• When hunting, a king cobra sometimes raises one-third of its 18 feet long body off the ground and looks standing as tall as an adult human.
  • The prey animals are observed waiting for stationary rather than escaping as the snake approaches to engulf them.
  • While birds are observed fluttering in front of the snake rather than flying away to escape.
  • Witnesses say that king cobras look like hypnotizing their prey to submission.
  • However, scientists say that is not actually what’s happening and provide some theories to explain why some prey animals do not escape after confronting cobras;
    • The prey animals may be frozen due to extreme fear.
    • The prey animals may stare out of curiosity without realizing the danger they face.
    • According to Herps of North Carolina, the fluttering bird in the front of the snake is likely a mother who sacrificed herself in an attempt to divert the snake’s concentration from her nest of babies. 

King Cobra Food Chain

The following is the food chain of king cobra:

  • Sun is the all-inclusive energy source.


  • In the food chain of the king cobra, Indian weeds, Indian berries, and many other types of grasses are the producers. They take energy from the sun and prepare their food itself through the process of photosynthesis.

Primary consumers 

  • The primary consumers are the Indian bush rat, the lion-tailed Macaque, the Indian frog, and the China kata.

Secondary consumers 

  • The secondary consumers are the Bengal monitor, rat snake, and Indian scorpion.

Tertiary consumers 

  • Tertiary consumers in this food chain are the King Cobra and the Indian grey mongoose.

King Cobra Ecology

  • King cobras are mainly found in the rain forests and plains in India, Southern China, and Southeast Asia.
  • They play a vital role in their ecosystem by controlling the population of many animal species.
  • If the king cobra became extinct, the population of rat snakes and Bengal monitor would quickly extend in number. Their struggle for food would otherwise cause the near extinction of the primary consumers. 
  • After the near-extinction of primary consumers, the population of rat snakes and Bengal monitor would then fall due to food scarcity.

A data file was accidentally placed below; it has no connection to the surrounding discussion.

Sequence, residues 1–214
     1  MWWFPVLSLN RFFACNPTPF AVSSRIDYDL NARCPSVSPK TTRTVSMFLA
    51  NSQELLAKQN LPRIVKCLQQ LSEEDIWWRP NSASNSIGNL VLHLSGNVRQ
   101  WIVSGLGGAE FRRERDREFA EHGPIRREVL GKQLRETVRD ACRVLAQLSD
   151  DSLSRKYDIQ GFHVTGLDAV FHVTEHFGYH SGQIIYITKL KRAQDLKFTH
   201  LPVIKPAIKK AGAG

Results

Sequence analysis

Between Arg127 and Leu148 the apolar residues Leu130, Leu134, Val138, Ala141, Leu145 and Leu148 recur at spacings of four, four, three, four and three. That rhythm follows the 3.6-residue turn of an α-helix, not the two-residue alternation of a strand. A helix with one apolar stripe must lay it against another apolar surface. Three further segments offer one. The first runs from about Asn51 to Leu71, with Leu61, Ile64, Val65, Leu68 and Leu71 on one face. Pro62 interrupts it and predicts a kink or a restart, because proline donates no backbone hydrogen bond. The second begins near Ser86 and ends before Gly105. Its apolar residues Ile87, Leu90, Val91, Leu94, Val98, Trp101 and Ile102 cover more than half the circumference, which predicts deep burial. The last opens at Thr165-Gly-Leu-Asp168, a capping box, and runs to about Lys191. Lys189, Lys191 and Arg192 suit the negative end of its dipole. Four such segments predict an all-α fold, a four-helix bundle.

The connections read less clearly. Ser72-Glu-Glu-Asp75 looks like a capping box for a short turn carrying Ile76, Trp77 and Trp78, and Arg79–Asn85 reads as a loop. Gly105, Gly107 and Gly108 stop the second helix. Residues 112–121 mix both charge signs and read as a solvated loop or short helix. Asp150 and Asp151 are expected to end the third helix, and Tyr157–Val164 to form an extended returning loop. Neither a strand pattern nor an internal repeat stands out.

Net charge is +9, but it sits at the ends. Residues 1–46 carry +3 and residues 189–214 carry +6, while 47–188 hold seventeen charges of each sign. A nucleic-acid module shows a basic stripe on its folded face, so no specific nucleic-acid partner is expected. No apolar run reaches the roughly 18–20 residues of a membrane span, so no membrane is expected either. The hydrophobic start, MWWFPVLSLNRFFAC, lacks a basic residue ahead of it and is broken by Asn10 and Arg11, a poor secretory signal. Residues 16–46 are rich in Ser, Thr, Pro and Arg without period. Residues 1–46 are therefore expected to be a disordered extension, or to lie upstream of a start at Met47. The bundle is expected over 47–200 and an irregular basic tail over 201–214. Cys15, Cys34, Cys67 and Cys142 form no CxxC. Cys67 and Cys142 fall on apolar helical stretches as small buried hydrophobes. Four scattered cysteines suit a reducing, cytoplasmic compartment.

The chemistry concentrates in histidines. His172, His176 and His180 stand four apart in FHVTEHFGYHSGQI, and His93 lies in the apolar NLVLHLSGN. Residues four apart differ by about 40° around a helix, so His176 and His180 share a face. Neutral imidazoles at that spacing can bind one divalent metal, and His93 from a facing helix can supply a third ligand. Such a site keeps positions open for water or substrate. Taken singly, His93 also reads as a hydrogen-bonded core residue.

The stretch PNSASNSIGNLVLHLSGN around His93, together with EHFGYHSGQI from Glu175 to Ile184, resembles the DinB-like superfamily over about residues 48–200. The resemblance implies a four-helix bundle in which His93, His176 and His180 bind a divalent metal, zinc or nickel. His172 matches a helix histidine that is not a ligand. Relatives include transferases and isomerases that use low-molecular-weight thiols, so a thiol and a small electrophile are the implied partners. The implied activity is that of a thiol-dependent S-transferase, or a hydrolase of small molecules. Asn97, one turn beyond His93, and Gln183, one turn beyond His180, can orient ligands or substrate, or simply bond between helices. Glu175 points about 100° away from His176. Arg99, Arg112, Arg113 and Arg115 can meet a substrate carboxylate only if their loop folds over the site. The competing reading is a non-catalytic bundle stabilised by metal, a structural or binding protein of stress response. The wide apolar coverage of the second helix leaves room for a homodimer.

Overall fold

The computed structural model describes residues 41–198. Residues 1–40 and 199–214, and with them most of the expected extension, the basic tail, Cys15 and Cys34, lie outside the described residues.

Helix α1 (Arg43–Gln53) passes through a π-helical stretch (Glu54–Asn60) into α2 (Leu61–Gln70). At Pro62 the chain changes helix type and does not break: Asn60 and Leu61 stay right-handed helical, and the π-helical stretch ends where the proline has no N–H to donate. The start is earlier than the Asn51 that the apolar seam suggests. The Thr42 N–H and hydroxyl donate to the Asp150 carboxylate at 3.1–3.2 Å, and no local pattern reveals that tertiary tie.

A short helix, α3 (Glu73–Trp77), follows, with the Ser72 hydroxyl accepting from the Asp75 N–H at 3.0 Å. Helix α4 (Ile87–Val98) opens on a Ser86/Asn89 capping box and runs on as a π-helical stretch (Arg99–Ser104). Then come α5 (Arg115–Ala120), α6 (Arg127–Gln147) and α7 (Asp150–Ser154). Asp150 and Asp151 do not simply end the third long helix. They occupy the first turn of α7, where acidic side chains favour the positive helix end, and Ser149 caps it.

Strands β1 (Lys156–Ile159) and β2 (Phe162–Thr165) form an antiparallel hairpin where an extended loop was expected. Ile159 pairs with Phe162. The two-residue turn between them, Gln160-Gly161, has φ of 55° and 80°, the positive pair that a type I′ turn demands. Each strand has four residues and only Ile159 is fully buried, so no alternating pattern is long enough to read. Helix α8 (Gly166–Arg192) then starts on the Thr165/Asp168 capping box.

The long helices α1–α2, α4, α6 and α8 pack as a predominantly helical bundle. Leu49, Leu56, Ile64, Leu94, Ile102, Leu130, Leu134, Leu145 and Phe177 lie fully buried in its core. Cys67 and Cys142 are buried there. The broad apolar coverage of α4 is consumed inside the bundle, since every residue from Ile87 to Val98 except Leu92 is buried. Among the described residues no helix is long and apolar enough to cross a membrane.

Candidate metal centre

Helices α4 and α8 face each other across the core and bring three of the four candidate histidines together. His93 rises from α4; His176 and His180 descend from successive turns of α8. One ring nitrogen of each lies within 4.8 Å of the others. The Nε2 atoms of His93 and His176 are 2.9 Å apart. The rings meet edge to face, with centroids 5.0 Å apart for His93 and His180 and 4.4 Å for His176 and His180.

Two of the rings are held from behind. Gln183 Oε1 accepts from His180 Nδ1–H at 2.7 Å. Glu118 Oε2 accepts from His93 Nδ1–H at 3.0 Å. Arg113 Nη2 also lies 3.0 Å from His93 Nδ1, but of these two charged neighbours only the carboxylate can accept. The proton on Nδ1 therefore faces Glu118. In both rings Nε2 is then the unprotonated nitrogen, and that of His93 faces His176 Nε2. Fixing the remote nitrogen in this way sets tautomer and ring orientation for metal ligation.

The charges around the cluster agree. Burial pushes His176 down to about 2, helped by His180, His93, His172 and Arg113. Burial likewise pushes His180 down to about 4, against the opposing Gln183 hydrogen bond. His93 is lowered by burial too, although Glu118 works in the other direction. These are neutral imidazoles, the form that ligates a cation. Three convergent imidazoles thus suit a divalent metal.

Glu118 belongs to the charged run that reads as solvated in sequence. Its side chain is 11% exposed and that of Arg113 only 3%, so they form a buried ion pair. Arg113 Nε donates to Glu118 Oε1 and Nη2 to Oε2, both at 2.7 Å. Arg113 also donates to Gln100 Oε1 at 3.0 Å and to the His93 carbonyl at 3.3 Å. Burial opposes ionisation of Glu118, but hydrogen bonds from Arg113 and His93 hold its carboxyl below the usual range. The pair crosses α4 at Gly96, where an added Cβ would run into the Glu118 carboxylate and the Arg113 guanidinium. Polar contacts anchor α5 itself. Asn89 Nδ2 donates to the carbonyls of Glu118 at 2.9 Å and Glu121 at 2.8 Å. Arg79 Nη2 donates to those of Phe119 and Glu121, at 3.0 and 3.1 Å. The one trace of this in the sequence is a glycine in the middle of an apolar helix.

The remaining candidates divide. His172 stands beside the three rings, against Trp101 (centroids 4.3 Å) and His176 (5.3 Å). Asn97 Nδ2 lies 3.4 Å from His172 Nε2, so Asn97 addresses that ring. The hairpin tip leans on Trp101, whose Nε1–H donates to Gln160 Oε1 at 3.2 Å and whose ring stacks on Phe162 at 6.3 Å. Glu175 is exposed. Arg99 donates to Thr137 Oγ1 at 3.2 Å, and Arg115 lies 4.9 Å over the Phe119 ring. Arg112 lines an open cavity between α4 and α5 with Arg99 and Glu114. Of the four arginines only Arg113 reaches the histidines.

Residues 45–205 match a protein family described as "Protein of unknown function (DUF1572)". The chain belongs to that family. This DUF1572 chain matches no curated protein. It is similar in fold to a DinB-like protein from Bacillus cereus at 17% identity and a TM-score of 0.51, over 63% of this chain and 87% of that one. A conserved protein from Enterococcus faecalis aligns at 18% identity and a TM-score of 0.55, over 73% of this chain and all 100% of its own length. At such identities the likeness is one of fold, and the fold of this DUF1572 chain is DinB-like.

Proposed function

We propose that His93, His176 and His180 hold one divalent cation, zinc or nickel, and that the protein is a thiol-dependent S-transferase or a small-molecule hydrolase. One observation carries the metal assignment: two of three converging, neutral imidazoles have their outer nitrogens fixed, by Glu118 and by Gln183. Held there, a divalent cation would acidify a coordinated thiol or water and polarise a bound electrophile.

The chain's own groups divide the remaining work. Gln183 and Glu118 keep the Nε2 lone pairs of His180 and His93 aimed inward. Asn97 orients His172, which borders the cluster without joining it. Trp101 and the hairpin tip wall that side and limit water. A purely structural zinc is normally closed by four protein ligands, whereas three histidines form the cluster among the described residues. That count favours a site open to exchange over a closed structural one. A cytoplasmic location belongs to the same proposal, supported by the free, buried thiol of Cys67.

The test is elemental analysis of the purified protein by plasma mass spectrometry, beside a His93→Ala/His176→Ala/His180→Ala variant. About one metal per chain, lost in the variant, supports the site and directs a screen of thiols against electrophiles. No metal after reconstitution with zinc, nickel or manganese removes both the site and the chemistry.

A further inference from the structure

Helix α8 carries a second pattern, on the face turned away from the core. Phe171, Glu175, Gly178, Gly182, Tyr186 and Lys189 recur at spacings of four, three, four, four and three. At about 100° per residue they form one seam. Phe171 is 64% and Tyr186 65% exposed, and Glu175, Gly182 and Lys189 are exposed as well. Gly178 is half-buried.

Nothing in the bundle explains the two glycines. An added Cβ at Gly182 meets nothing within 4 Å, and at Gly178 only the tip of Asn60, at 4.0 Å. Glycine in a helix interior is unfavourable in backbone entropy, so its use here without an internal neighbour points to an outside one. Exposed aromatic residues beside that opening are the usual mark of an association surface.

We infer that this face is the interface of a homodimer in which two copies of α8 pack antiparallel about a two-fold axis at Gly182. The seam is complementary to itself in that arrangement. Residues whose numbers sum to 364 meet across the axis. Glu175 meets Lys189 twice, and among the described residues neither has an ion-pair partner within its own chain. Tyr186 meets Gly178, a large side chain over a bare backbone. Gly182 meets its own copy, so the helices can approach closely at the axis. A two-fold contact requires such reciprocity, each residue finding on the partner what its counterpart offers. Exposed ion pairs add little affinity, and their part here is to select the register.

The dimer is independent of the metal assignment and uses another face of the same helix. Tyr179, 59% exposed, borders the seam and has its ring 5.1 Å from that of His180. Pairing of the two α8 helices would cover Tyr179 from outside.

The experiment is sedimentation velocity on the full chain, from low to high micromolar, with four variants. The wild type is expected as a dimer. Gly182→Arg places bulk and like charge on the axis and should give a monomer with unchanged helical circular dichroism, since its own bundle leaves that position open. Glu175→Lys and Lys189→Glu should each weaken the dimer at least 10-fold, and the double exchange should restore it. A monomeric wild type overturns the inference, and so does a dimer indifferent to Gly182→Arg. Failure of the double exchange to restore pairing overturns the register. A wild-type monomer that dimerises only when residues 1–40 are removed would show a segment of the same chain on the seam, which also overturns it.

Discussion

• In the absence of king cobras, the Indian grey mongoose would also have not enough food to eat.
  • So king cobra is a critical part of its ecosystem.

Where Do King Cobras Live – King Cobra Habitat

  • King cobras are native to South and Southeast Asia. 
  • They are mainly found in the rain forests and plains.
  • They feel comfortable in a variety of habitats, such as rain forests, high-elevation grasslands, bamboo thickets, mangrove swamps, and rivers.
  • Their coloration changes greatly from region to region.
  • They usually prefer to live near streams, where the humidity and temperature are relatively constant.
  • They spend about one-fourth of their time in bushes or up in the trees.

King Cobra Facts For Kids - All About King Cobra

King Cobra Distribution – King Cobra Range

  • King cobra has a wide habitat range and distribution in South and Southeast Asia.
  • They are found at the altitude of 6,600 feet (2,000 meters) from the Tarai (a lowland region in northern India and southern Nepal) to the Brahmaputra River basin in Bhutan.
  • They are found in northeast India, Bangladesh, Myanmar, southern China, Vietnam, Thailand, Laos, Cambodia, Singapore, Malaysia, Indonesia, and the Philippines.
  • In northern India, they are found in the Garhwal and Kumaon regions of Uttarakhand and the Shivalik and Terai regions of Uttar Pradesh.
  • In northeastern India, king cobras are found in the northern West Bengal, Assam, Sikkim, Arunachal Pradesh, Meghalaya, Nagaland, Mizoram, and Manipur.
  • In the Eastern Ghats of India, king cobras are found from Tamilnadu to coastal Odisha, as well as in Bihar and southern West Bengal.